Removal of taint – By smell

Removal of taint – By smell


Removal of taint– by smell

Any extreme case of problems arising from smelly holds.
For example a bulk carrier was fixed to load grain in a US Golf port immediately after carrying a cargo of Fishmeal.
She was finally passed as load ready when inspected for the tenth time, and after (13) thirteen days of cleaning by crew assisted, in the later stages by shore labor and equipment important lessons learnt were as follows.
Cleaning and deodorizing chemicals designed for use with hot water were ineffective when applied with cold water.
The smell of fishmeal was only finally removed when the inside of the hold ventilator trunks, in Samson posts, were cleaned as thoroughly as the holds, and when every trace of fishmeal was removed from decks, deck scuppers, hatch covers and mast houses and when equipment from the mast houses had been moved to the poop.

Hold cleaning and deodorizing of a bulk carrier after carrying fishmeal and before carrying grain.
(The total numbers of preloading surveys completed is noted in brackets as they occurred).
• The cargo holds were swept then washed with sea water.
• Holds flushed with fresh water mixed with Alkleen safety liquid, a non-caustic cleaner.
• On arrival at the loading port the holds were rejected, then again rejected after more cleaning because of fish odour (1 and 2)
• Removed loose rust and paint chips. Washed holds with high pressure fresh water and Airx 60, a cleaner / odour remover. Holds rejected because of strong fish odour. (3)
• Washed holds with high pressure fresh water and Airx 60, a cleaner / odour remover. Holds rejected because fish odour was present (4).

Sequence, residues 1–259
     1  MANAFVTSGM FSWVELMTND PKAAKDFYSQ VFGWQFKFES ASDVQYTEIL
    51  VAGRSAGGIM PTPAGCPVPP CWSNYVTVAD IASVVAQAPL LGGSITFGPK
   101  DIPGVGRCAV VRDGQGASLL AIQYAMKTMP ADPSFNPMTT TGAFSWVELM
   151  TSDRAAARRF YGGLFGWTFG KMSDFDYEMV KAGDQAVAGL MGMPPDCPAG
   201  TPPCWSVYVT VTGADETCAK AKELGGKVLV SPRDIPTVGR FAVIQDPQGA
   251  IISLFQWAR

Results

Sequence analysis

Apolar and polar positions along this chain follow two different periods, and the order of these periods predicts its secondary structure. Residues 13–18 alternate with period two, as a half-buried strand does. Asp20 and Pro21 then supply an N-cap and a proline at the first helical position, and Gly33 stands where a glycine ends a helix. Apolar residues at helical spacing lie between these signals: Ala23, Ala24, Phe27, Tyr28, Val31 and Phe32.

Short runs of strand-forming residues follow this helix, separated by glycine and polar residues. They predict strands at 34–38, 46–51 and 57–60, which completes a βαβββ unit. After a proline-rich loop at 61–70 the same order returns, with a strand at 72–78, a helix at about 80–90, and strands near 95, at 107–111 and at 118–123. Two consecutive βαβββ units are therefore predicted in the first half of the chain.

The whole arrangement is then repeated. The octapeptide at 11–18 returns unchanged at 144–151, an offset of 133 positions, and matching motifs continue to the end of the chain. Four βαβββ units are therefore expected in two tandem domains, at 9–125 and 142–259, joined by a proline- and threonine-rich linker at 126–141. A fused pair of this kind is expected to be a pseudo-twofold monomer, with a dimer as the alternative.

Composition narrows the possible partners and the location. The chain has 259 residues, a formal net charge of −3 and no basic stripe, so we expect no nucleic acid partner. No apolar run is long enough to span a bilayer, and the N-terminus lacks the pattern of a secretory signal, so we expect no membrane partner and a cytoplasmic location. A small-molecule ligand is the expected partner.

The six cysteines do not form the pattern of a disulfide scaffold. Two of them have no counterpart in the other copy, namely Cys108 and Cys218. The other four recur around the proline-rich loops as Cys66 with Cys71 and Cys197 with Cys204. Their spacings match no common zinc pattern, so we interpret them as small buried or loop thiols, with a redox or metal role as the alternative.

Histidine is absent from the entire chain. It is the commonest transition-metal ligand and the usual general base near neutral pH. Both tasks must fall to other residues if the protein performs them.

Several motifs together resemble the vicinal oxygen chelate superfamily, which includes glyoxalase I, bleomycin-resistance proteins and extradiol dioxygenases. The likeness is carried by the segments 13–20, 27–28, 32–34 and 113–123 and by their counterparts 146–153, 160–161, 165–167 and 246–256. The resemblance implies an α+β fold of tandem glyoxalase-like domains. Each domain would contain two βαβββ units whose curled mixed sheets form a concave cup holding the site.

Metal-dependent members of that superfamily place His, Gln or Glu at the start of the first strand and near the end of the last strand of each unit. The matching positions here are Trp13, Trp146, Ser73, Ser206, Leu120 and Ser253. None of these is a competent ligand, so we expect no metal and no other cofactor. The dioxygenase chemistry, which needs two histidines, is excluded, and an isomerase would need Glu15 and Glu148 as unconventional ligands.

• Cleaned holds, mast houses, within platforms, decks and coamings. Holds rejected because fish odour still presented (5).
• All holds washed top to bottom with a 50% solution of Citro Solve Detergent, a citrus oil based detergent and deodorized which was sprayed onto all surfaces, left for 2-3 hours then missed with fresh water.
• Holds were again rejected fish odour still present (6).
• A shore gang of 4 men working with a fresh water electric powered spraying machine enhanced by compressed air was employed to clean all holds using Gyro AVO Super Corrosive un 1824, caustic, cleaner.
• All holds were again rejected because fish odour was still present (7).
• Local cleaning contractors and the services they offered were considered.

A trailer mounted washing unit with a diesel fired water heater capable of achieving temperatures of approximately 210F and pumps capable of achieving pressures of approximately 3000 psi was hired. The equipment came with nozzles and extensions that could reach a height approximately 27ft, and rolling scaffolding rowers of sufficient height to reach the under deck framing of the ship’s coaming and hatch covers.

Large amounts of fishmeal were removed from the boat deck drains, adjacent the accommodation ladder.
• Cleaning commenced with a shore gang using high pressure, high temperature water lasting with Zep Formula 4089, a chlorinated, highly alkaline cleaner followed by high temperature, high pressure water rinsing followed in turn by an application of Amine A, an ammonium based, concentrated disinfectant, deodorant and sanitizer. All waste water from this operation was pumped into a topside ballasting tank. The cleaning resulted in the removal of large amount of fish meal and debris from the king post / ,mast, ie, hold ventilation areas and significant further cleaning all surfaces in all holds. After each hold had dried it was given a final sweeping by the ship’s crew. The ship’s entire open deck surface, all mast houses and machinery flats were then sprayed with light coating of Anime A. All rubbish bins and all cleaning tool, were removed to the poop. Hold ventilator dampers and access doors were closed. The holds were found to be odour free but a slight residual smell was detected on the hatch covers so all holds were again rejected (8).
• The crew spent the day scrubbing the hatch covers. Solid and liquid residues from earlier washings were disposed of.
• No2 hold was passed but rest of the holds were failed for smell from the area of mast houses and coamings (9).
• The bottoms of the chain boxes located near the holds were scraped and cleaned and the mast house interiors were rewashed. All adjacent surfaces were sprayed with Amine A.

Finally the vessel was passed as suitable to load grain (10).